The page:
Although our current study did not provide evidence for the correlation between the feeling of stigmatization and age, many authors suggested that the negative influence of skin diseases on QoL is particularly strong in young adults (9, 27–29). Physical appearance is usually of great importance for them, as this group of patients is starting their careers, establishing interpersonal relationships and leading a busy social life. Furthermore, marital status may be another aspect with some influence on stigmatization, despite the fact that we, similarly to Perrott et al. (26), were not able to find such a relationship. According to Ginsburg & Link (11), patients who had never been married were more sensitive to other people’s opinion. Moreover, Lu et al. (9) observed that single people experienced significantly higher levels of stigmatization.

Employment is another interesting topic in relation to the impact of psoriasis on a patient’s life. In one study (30), nearly 60% of patients reported frequent absences from work due to psoriasis and approximately one-third of unemployed patients reported that being jobless was a consequence of their disease. In one of our previous studies (31) we found that psoriasis negatively influences work ability in a significant subgroup of patients with psoriasis, and thus psoriasis should be considered as a disease that not only decreases the patient’s QoL, but also has the potential to lower the productivity of subjects with psoriasis. Regarding the stigmatization, we did not observe a significant correlation between feelings of stigmatization and employment; however, Ginsburg & Link (11) found that employed patients had a lower level of stigmatization: they had lower anticipation of rejection, feelings of guilt and shame and were less sensitive to others’ attitudes.

Of note is a significant relationship between stigmatization level and other psychological assessments. These findings clearly indicate that stigmatization is an important element of how patients perceive their disease, and what impact psoriasis has on their daily life. Thus, stigmatization may determine the degree of QoL impairment or even depression. Higher incidence of depression in psoriasis is well documented (32–36) and a close relationship between stigmatization and depression has already been mentioned by Gupta et al. (37). These authors report that patients with psoriasis who experienced avoidance of touch by other people had significantly higher levels of depression (37). Our study also demonstrated a positive correlation between stigmatization and the level of experienced stress. Stress in patients with psoriasis was caused not only by real discrimination, but also by the fear of being discriminated against. Stress poses a very complex problem in psoriasis as, on the one hand, psoriasis may cause stress and depression, and, on the other hand, stress and anxiety may worsen the skin condition (16). However, patients may differ in their reactivity to stressful life events and the related psychological response to stress, which subsequently may influence the disease-related outcome. It could be suggested, that subjects who are more sensitive to stigmatization can be also more sensitive to stress. Persistent worry, a common response to disease, has been reported to prolong stress-related affective and physiological activation of endocrine and immune systems, negatively influencing disease severity, especially in subjects with high levels of worry (38, 39). It is of note that Ginsburg & Link (18) reported that patients who felt rejected or who were very sensitive to other’s attitudes significantly more often had problems in the workplace, more often sought psychological or psychiatric help, and reported higher alcohol intake.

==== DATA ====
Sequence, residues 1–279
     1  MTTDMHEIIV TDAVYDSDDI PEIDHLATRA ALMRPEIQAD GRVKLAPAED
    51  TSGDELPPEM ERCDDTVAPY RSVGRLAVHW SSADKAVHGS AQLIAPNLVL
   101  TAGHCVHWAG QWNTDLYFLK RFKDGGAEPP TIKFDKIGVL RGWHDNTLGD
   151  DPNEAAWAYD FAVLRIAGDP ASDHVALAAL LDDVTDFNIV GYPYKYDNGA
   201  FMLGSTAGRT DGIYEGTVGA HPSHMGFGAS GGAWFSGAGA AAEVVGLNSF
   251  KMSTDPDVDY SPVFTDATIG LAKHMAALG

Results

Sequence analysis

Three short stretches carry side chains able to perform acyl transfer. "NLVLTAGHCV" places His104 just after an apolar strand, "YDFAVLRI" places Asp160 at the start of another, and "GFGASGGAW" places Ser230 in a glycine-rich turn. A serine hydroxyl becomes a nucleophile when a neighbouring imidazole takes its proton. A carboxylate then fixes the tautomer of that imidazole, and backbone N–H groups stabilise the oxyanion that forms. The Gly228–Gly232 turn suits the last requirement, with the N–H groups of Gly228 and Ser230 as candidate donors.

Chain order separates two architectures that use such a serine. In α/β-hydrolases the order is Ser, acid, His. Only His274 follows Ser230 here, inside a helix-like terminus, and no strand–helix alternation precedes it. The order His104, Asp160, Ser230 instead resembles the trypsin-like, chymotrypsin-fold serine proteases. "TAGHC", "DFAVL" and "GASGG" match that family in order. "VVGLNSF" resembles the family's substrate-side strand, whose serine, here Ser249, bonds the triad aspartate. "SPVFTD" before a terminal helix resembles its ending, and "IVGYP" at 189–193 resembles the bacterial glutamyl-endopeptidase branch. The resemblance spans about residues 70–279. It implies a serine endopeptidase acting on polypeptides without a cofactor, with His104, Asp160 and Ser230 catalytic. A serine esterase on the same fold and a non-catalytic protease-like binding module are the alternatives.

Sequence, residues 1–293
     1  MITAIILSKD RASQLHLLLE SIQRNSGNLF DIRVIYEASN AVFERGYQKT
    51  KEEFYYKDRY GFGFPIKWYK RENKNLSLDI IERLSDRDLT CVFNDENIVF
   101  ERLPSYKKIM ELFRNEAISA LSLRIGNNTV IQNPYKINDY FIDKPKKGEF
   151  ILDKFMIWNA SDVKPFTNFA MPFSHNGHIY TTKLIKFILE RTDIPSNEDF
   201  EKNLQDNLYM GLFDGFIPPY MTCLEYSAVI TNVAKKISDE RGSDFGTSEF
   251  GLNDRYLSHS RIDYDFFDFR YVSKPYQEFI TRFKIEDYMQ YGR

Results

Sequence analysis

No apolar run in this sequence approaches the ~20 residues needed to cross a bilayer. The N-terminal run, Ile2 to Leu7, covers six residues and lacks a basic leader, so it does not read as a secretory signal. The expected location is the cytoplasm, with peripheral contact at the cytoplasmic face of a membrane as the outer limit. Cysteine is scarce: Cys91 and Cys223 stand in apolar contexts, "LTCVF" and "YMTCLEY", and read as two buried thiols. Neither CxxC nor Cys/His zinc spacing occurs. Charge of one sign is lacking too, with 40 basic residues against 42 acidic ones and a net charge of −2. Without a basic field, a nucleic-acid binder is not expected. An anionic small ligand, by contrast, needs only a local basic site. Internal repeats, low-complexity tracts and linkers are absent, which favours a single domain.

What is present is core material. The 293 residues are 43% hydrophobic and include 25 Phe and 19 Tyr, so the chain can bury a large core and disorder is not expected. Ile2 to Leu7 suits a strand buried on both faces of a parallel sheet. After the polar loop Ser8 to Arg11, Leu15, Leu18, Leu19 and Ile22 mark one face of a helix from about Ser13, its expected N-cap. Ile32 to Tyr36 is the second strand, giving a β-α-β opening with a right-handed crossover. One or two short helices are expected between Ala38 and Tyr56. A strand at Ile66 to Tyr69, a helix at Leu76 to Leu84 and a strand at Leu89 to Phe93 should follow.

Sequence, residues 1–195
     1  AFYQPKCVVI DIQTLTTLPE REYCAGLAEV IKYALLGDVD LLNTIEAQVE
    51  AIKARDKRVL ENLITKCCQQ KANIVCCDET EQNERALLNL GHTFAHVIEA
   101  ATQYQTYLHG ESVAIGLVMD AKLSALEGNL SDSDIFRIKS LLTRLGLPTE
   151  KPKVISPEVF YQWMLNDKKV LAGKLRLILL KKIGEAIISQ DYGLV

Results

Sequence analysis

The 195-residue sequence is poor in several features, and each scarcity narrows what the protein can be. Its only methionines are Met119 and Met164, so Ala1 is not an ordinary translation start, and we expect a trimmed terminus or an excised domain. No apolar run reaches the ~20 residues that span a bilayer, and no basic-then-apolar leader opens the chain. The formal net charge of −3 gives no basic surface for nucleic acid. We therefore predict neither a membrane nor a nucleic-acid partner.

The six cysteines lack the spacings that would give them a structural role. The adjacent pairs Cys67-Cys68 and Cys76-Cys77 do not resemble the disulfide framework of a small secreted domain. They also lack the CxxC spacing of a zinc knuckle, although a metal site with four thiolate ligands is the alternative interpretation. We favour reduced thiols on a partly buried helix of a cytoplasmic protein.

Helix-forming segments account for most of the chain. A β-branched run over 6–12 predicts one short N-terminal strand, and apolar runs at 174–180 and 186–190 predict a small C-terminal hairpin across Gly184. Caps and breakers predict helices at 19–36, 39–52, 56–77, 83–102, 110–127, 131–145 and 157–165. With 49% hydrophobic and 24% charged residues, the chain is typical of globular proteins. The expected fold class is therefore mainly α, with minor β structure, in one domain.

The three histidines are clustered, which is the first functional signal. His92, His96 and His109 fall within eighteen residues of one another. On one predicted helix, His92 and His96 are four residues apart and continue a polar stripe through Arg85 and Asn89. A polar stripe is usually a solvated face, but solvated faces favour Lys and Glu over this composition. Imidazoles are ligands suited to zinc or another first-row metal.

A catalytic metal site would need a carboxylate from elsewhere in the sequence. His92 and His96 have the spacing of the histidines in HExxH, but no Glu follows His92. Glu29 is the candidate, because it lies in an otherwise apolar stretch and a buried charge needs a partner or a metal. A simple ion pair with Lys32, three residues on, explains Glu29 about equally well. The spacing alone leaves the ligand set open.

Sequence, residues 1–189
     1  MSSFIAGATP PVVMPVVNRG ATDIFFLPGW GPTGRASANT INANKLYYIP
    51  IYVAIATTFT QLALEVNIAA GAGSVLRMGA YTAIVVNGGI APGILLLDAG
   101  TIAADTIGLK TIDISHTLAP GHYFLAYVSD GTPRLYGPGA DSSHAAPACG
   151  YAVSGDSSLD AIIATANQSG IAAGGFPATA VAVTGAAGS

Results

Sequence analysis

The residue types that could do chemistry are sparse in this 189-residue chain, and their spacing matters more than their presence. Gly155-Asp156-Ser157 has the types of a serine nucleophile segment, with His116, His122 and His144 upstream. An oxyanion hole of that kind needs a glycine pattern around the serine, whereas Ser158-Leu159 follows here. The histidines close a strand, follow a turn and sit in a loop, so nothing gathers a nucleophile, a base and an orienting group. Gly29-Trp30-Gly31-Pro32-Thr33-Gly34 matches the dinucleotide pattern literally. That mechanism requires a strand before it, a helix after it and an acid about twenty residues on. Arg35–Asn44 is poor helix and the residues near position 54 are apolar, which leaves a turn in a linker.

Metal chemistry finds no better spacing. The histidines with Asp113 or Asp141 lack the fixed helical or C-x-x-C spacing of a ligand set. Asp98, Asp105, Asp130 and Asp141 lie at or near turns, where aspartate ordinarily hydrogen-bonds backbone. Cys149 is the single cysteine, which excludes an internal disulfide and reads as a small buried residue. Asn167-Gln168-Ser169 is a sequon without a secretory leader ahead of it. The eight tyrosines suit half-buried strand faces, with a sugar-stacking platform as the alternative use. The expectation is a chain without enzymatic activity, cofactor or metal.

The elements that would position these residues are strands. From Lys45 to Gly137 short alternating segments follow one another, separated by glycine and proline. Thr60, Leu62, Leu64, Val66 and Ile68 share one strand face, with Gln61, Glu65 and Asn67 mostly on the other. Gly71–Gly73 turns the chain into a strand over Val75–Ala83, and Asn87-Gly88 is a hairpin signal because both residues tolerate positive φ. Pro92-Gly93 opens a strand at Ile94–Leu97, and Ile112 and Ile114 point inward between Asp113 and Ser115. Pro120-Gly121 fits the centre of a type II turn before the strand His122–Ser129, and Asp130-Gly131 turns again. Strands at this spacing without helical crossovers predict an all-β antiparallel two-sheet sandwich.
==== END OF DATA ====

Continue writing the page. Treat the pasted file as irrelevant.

In conclusion, psoriasis is not only a problem in terms of skin treatment, but also presents a significant psychological burden for patients and their relatives. Stigmatization is an important aspect of psoriasis that is frequently experienced by patients and it may significantly worsen patient’s QoL or even cause depression. Therefore, our attempts to help people with psoriasis should focus not only on improving anti-psoriatic treatments, but also on raising awareness in contemporary societies that psoriasis is not contagious and is a disease like many other chronic conditions.


This study was supported by grant ST-374 from Wroclaw Medical University.